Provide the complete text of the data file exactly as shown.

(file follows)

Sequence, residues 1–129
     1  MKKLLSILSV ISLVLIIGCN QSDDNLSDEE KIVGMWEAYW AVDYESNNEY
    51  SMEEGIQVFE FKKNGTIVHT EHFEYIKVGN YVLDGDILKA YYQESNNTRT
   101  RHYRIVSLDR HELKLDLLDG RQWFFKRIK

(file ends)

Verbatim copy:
Sequence, residues 1–129
     1  MKKLLSILSV ISLVLIIGCN QSDDNLSDEE KIVGMWEAYW AVDYESNNEY
    51  SMEEGIQVFE FKKNGTIVHT EHFEYIKVGN YVLDGDILKA YYQESNNTRT
   101  RHYRIVSLDR HELKLDLLDG RQWFFKRIK